Walking on Glass is the second novel by Scottish author Iain Banks. It was published in 1985 after his controversial, stomach-turning debut The Wasp Factory.
There are some fairly serious spoilers in this write-up, particularly towards the end, so if you’re at all squeamish about that sort of thing you’d be advised not to read on.
The novel consists of three seemingly completely separate stories. Banks structures these meticulously through the book, breaking each chapter into three sections. Each section deals with one of the three story strands. Each strand's sections are titled along a different theme.
The majority of the first story is told through flashback as Graham Park, an art student, walks to meet his paramour. The titles for Park’s story are the names of the London streets he walks along in that section.
The second story concerns Steven Grout, who apparently suffers from mental illness. He exhibits extreme paranoia, and believes in a series of vast conspiracies to discredit him and demean his everyday life. He also believes he lives in purgatory for some misdeed in a war on a higher plane of existence. In respect of this, he collects newspaper clippings and other pieces of ‘evidence’ which prove that this world is not all that it seems and that he is not of it. The titles of his sections are the names of people he meets who somehow "oppress” him.
The third story is where things start getting a little weird. Two soldiers from differing sides in a far-far-far future war, Quiss and Ajayi, are imprisoned in a castle. This castle is set adrift from temporal reality as we know it – no-one ages, subjective time runs quicker the closer one gets to a clock, and although it is never entirely clear, there appears to be only one day. Ever. To end their confinement, they must correctly answer a riddle. They are supplied with board games without any instruction as to the rules. One complete play through of the game earns them the chance to submit one answer to the riddle to the mysterious rulers of the castle. The titles of their sections are the names of the game they play in that section. Examples include “Open-Plan Go,” which is played on an infinite board, or “Spotless Dominoes,” played without any markings on the domino pieces.
Although the three separate plots superficially seem to have nothing tying them together, some points seem to gel:
- Graham Park remembers a party where The Hitchhiker's Guide to the Galaxy was mentioned. One of Steven Grout’s pieces of evidence is an estate agents’ called Hotblack Desiato’s.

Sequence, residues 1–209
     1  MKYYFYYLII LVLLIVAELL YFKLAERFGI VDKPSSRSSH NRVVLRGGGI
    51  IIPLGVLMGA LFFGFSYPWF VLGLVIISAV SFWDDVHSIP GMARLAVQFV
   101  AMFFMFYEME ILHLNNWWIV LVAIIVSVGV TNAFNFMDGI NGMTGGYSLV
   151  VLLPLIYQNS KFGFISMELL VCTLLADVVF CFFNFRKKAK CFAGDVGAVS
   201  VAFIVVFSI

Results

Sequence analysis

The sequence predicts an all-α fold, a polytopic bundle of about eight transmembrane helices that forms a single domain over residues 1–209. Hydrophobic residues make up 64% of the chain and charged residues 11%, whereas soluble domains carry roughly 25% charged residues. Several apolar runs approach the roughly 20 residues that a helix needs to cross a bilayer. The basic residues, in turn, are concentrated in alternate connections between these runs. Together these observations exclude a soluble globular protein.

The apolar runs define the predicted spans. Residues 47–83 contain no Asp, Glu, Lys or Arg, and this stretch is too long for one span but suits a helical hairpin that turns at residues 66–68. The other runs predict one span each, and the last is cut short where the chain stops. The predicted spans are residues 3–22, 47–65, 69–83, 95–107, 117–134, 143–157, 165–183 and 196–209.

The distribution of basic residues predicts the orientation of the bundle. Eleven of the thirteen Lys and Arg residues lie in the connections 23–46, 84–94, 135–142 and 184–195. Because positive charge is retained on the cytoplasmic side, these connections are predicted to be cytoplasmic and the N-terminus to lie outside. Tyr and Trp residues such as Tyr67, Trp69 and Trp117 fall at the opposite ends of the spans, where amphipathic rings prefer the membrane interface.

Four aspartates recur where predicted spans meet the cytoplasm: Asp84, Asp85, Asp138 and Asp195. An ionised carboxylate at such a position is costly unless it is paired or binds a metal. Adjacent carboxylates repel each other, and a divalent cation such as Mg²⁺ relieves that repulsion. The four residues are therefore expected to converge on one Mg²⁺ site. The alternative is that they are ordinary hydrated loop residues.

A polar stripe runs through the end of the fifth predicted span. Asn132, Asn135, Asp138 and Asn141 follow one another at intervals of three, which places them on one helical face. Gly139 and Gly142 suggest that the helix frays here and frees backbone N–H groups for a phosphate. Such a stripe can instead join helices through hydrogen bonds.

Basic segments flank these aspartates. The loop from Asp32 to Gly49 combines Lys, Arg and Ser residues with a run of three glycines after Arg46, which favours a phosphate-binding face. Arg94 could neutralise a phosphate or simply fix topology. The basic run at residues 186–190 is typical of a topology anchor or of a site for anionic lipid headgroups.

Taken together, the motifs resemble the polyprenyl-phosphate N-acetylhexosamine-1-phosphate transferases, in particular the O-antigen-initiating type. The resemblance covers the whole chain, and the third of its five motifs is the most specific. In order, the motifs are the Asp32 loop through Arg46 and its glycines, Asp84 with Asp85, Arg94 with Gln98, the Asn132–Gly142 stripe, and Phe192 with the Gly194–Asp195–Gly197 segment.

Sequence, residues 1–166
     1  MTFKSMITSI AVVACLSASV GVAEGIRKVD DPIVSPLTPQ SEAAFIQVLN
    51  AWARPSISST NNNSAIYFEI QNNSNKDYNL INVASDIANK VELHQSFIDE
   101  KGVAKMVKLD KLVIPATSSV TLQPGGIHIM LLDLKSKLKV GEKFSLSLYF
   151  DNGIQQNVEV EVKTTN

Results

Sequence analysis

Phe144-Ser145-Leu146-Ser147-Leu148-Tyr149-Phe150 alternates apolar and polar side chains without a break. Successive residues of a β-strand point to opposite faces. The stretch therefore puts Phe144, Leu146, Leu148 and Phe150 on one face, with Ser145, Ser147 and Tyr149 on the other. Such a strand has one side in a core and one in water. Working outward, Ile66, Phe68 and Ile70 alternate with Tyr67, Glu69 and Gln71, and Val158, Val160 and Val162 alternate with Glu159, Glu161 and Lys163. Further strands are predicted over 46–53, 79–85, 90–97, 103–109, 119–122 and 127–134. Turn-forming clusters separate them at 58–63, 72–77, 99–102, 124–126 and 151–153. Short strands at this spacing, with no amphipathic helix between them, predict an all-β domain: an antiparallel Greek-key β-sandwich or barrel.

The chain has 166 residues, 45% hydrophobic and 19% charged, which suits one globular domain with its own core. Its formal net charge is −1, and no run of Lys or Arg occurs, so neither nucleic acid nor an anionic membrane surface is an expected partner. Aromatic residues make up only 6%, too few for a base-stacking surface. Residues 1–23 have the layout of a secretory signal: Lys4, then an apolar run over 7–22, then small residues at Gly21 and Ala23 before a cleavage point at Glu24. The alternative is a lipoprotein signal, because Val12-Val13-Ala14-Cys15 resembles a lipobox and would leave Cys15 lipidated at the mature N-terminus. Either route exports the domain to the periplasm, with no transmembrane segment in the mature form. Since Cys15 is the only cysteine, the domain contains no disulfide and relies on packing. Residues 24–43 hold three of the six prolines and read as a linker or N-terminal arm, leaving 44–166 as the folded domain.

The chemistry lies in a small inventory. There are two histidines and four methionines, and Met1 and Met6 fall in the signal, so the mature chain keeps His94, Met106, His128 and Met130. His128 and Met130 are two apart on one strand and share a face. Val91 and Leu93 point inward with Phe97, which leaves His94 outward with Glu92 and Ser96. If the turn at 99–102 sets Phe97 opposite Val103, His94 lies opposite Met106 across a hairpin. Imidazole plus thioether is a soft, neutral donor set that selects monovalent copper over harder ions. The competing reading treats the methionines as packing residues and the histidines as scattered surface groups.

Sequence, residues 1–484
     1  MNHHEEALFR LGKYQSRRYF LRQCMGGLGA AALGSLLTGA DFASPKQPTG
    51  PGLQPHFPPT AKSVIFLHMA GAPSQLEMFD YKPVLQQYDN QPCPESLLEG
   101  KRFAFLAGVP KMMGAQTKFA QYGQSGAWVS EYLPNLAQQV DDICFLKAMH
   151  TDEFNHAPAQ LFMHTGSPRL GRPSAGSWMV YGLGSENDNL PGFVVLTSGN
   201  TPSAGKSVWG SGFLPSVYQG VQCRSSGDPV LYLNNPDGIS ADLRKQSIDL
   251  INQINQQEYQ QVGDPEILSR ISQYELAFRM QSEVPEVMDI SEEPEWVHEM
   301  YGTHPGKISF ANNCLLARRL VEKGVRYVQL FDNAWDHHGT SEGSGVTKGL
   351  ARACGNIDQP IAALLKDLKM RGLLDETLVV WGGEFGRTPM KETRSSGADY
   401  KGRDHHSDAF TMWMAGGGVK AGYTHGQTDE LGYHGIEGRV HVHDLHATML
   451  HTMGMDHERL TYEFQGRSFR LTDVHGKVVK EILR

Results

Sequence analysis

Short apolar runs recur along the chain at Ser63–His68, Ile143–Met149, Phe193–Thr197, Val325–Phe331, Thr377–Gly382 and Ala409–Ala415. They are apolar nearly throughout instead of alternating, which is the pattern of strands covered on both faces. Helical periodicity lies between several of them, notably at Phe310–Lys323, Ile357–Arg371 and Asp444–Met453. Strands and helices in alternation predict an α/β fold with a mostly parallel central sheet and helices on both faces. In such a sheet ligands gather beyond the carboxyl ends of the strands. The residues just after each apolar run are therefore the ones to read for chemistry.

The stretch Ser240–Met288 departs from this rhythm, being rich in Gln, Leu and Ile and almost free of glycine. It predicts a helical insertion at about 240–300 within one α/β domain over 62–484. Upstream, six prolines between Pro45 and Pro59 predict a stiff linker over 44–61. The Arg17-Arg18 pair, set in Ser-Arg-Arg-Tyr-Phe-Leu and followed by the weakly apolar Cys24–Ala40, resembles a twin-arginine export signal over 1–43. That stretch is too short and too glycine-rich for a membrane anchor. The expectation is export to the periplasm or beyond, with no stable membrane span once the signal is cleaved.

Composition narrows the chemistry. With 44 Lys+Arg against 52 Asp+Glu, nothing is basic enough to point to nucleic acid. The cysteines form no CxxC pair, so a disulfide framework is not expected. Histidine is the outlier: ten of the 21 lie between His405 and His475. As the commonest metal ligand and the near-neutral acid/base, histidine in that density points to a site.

- The castle's walls are made from books. Grout’s room has science-fiction books stacked in piles often described in terms of buildings. His idea for stopping himself knocking them all over when he returns to his bedsit drunk is to stack them “like bricks”.
- Grout believes he is being punished for misdeeds in a celestial war. Ajayi and Quiss actually are.
- In Quiss’ castle, light in the lower levels is supplied through pipes. Graham and his friend Slater drink in a pub called “The White Conduit”.
- Grout looks for “the Key” which will let him out of this life and return to the war. Ajayi calls learning languages from the wall-books and Chinese Scrabble, “a key”.
The coincidences and imagery shared between the three strands become more frequent until the last chapter, which to an extent pulls together the largely unconnected stories. It is an ambitious method of writing, successfully executed. All three of the storylines would work well enough as novellas in their own rights.
In my opinion, a key passage is towards the end, when Grout’s psychiatrist skims over his case notes, reads about Grout’s accident and experiences a brief moment of dèjá vu. He is reminded of something he had read in a newspaper (“was it yesterday?”) and pauses for a second. The subtle nature of the links between the strands means that this is a familiar feeling for the reader by that point in the book.
As a footnote, it is interesting to note the name of the author. His well known conceit is to write his science-fiction novels under the name Iain M. Banks, while the name Iain Banks is used for 'normal' fiction. Given the content of the Quiss/Ajayi story, Walking on Glass could appear to be a contender for the "M". My guess would be that the plain Iain Banks name is attached because of the contemporary real world setting of the first two stories. To qualify this, a similar example would be The Bridge, the beginning and end of which is set in 1990s Scotland, while most of the novel is an extended fantasy interlude.